Traditional Skep Making Workshop

Modern beekeeping involves the Langstroth-type framed hive in which frames carrying a pre-prepared wax foundation sheets are inserted into the hive. The bees to draw out the honeycomb cells in which to store the honey and pollen overwinter reserves - these frames can be reused year after year.

Before the introduction of the frames hive in the 1850s, beekeepers used a variety of containers including hollowed tree logs or 'bee gums' and, common in Britain, a variety of skeps fashioned from different natural materials, including straw, thatch, etc.

This two-day workshop is for absolute beginners: It starts with a short tour of the Apiary then settles into a classroom to prepare the materials for and to start lipworking these into the familiar skep shape, following which Workshop participants complete the skep at home.

Some weeks later, the class reconvenes for a second day to compare how the lipwork and fashioning of each skep has progressed over the interim.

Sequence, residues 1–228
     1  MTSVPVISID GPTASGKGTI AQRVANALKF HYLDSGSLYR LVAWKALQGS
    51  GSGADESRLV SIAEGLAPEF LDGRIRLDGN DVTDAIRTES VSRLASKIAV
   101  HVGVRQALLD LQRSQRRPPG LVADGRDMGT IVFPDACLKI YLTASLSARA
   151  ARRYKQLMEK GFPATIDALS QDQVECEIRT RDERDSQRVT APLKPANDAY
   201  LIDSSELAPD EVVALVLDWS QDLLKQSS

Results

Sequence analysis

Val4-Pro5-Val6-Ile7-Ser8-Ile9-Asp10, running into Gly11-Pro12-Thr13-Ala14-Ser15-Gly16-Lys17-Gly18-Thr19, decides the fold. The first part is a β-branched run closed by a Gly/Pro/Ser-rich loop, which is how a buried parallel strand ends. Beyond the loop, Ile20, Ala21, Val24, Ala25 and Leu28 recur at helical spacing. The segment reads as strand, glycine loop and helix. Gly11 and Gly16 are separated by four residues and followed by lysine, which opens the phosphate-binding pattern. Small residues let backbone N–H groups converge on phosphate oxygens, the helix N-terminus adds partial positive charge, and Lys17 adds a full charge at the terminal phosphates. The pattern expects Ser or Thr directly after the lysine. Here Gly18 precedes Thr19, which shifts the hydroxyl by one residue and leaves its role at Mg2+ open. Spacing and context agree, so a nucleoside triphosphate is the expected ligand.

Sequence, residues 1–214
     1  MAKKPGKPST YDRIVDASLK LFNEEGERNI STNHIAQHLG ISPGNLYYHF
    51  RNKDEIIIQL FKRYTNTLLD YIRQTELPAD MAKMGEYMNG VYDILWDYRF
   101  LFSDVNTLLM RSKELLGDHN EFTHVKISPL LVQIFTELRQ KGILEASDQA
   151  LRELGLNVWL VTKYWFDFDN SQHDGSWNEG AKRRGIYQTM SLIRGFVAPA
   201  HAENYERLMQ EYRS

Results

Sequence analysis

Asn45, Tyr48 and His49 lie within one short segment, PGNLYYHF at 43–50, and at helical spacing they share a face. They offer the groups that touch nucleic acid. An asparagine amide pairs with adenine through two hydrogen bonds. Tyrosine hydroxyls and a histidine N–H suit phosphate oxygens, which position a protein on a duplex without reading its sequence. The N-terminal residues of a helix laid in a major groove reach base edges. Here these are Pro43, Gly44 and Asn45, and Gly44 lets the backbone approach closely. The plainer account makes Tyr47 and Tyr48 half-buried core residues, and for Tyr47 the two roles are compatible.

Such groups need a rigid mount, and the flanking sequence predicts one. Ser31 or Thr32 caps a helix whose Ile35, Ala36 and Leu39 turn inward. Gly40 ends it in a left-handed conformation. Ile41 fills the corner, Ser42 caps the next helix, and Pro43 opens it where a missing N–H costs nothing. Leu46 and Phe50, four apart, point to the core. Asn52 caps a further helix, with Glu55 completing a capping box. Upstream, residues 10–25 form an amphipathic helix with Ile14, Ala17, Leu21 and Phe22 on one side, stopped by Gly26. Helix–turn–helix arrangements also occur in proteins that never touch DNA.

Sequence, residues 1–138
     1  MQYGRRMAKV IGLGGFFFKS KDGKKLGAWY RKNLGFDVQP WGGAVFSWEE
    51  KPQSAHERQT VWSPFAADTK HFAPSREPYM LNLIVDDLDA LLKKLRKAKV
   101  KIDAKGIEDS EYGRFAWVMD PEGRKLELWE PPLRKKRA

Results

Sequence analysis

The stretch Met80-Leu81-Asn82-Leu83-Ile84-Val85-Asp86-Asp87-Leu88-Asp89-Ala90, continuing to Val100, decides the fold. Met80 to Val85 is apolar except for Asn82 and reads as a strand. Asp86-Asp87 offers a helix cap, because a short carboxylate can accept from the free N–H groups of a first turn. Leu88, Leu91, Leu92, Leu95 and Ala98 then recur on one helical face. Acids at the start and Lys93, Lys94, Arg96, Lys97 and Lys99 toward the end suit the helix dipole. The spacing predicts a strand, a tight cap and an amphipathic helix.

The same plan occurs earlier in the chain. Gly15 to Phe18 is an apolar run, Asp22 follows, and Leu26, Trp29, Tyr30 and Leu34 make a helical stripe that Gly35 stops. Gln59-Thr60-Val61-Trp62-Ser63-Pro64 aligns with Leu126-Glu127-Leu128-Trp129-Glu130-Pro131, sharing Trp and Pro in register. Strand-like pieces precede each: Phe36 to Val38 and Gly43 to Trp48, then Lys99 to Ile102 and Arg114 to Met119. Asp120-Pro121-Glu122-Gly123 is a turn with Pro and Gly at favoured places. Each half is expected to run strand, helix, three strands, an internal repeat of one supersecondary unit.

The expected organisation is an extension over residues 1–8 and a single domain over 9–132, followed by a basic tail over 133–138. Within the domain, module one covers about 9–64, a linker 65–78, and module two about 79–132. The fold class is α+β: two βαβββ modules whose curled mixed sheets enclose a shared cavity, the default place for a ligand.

In around mid-May you are welcome to return to the Apiary with your own skep so that we can install into your skep a colony of bees headed by a new Queen raised in the Oxleas Wood Apiary - this can remain in the Apiary to late July-August by which time there should be some honey ready to be harvested.

Fully supervised with all materials and tools supplied, the workshop takes up a weekend day of each of two weekends in January-February and then in March-April - the actual weekend dates are determined by a straw poll amongst the final registrants of the Traditional Skep Making Workshop.

All inclusive fees for the workshop, including materials, will be between £30 to £60 depending upon the final numbers registered for the course.

Interested in this Skepmaking Course then email for Further Details